You see, I had a chapter, once. It was a good chapter. Very lively and fun. I think I complained a little bit about the difficulties of cutting it down to send off to a journal here. Or at least that is when I was finally done. It is a complex chapter that covers many topics and has many subheadings (those lovely academic ways of avoiding having to write transitions!). It was difficult to cut it as the advice people gave me was that I couldn’t leave out any of the different subheadings ---- just hacking off a limb or two would easily bring it down to fighting weight, I argued, but instead I was told to sculpt it down through plastic surgery, cut out all the fat and filler.
So I did. It was frustrating and tough work, but I finally managed to get it into shape, a shape I was proud of, that flowed and made sense, that was still well-rounded enough that someone could encounter it in a journal and get enough background and a sense of my larger project. It still had bits of sparkle and complexity, but managed to come (just barely) in under the word limit.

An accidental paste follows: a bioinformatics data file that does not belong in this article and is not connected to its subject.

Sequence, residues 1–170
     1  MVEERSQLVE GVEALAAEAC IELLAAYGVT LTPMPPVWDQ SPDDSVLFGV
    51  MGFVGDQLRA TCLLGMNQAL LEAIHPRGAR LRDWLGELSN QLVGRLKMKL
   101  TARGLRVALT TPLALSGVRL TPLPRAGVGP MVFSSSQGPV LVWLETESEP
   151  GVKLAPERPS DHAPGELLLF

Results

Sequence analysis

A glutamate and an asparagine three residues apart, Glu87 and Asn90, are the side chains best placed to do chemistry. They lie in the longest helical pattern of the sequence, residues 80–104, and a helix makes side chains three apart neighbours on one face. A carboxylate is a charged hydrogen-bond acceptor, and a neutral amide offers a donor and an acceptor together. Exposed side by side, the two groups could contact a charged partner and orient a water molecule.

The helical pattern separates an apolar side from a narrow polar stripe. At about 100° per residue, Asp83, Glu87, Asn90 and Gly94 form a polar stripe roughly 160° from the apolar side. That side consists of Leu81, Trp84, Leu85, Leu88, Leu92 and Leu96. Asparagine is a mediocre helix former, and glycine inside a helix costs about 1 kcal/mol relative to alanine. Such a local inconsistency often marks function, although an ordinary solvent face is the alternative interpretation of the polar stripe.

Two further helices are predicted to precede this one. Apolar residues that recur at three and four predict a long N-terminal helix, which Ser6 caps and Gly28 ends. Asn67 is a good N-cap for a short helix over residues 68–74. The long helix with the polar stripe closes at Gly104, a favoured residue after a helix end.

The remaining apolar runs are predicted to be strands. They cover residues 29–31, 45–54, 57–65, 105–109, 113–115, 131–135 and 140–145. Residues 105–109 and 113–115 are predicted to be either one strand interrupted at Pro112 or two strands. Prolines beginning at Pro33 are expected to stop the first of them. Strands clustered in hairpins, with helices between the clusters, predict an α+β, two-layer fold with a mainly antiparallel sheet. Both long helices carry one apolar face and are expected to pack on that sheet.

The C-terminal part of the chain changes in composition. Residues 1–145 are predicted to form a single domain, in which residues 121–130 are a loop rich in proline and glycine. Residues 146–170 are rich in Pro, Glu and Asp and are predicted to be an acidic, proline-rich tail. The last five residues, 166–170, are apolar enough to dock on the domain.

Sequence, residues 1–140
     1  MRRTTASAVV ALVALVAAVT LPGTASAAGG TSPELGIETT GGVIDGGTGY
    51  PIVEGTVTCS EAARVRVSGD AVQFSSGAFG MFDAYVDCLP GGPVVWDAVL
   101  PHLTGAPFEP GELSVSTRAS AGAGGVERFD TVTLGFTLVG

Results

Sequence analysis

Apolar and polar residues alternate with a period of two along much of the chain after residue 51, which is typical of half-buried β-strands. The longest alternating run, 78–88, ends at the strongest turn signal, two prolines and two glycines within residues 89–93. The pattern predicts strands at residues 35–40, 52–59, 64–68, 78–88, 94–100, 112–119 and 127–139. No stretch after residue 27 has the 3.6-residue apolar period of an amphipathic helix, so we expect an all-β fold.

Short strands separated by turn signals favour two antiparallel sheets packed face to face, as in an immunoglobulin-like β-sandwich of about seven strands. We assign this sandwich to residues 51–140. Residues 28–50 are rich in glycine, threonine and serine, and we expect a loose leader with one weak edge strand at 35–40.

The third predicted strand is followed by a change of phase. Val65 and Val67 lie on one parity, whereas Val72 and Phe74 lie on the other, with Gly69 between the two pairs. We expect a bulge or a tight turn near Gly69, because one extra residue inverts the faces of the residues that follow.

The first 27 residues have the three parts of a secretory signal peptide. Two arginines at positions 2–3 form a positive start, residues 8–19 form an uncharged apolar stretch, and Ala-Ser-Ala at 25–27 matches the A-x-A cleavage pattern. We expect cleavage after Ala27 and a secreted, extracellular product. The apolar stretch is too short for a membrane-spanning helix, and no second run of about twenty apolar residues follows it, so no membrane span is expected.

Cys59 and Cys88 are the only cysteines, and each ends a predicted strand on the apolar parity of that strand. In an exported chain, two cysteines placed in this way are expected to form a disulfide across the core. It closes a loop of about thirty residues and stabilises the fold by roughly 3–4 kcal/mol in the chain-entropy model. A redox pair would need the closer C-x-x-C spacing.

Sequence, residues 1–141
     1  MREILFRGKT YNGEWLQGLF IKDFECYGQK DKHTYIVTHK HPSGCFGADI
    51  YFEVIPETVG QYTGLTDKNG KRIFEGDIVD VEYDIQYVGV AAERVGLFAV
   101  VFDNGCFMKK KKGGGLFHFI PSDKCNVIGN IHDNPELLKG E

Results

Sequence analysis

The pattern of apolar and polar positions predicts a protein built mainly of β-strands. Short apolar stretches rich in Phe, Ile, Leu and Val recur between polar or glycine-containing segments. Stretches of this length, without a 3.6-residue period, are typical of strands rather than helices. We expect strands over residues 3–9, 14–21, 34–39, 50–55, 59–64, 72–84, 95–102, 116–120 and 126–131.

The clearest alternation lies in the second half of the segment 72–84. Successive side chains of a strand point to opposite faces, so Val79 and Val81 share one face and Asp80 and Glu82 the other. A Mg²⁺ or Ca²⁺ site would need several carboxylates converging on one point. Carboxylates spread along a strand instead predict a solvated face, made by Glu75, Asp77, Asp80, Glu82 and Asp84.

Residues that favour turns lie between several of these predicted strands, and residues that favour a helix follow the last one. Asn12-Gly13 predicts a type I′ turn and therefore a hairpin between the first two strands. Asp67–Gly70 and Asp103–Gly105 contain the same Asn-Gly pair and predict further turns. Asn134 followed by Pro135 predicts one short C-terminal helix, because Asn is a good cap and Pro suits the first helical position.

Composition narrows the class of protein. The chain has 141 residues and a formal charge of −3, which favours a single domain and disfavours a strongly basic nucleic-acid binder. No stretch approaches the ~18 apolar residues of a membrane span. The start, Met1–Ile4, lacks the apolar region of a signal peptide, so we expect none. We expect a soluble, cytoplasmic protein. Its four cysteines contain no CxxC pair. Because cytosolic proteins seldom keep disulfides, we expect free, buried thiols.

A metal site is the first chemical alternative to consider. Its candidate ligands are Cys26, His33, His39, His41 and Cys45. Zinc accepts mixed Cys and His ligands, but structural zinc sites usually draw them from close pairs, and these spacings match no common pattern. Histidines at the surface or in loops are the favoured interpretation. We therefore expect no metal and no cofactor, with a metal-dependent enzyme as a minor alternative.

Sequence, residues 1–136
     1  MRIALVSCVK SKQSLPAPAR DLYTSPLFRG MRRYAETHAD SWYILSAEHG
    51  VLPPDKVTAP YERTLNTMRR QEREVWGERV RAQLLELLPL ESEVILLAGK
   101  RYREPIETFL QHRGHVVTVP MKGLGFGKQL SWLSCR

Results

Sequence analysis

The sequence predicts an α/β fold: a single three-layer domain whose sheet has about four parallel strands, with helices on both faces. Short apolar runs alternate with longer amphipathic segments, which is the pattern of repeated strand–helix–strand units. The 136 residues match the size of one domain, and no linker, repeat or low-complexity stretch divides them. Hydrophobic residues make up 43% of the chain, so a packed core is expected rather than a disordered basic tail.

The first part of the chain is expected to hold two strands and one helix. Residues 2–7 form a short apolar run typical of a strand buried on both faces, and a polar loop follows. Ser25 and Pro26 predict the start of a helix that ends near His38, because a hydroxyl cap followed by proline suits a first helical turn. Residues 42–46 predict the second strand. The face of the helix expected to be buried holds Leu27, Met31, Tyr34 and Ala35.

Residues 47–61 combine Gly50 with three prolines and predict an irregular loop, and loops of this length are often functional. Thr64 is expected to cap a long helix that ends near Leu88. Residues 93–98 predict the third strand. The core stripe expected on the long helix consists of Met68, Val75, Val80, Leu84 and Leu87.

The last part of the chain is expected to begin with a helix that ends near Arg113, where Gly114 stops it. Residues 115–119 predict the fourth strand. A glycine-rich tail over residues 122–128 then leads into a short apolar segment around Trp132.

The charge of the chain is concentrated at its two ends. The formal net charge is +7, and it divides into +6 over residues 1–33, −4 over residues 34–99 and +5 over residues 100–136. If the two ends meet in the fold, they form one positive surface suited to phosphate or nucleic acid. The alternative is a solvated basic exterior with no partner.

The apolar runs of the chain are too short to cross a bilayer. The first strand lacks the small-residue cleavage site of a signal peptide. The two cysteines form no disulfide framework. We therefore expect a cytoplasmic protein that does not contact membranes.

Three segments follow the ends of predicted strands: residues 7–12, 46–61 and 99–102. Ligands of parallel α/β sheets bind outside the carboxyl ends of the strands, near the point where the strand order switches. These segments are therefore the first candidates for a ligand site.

Unfortunately, that word limit is very high. (I chose the journal partly because it fits my topic and partly because it accepts much longer articles.) Now, I must chop it down again to fit the various page limits for writing samples. Only this time there is no repetition or fat to cut out.

I had an unsettling conversation with my advisor on Tuesday --- how many ways can you write “frustrating”? I’ve depleted my thesaurus --- one of those weird conversations where you’re not quite sure if you’re talking past each other or not. She argued strongly that I need to send out this as my writing sample, as it is my most interesting and best-written chapter. I was puzzled, as I am in agreement with her (why are we arguing then?). I was pushing for advice on how to cut it down further ---- as in, by half, to hit a 20-page limit.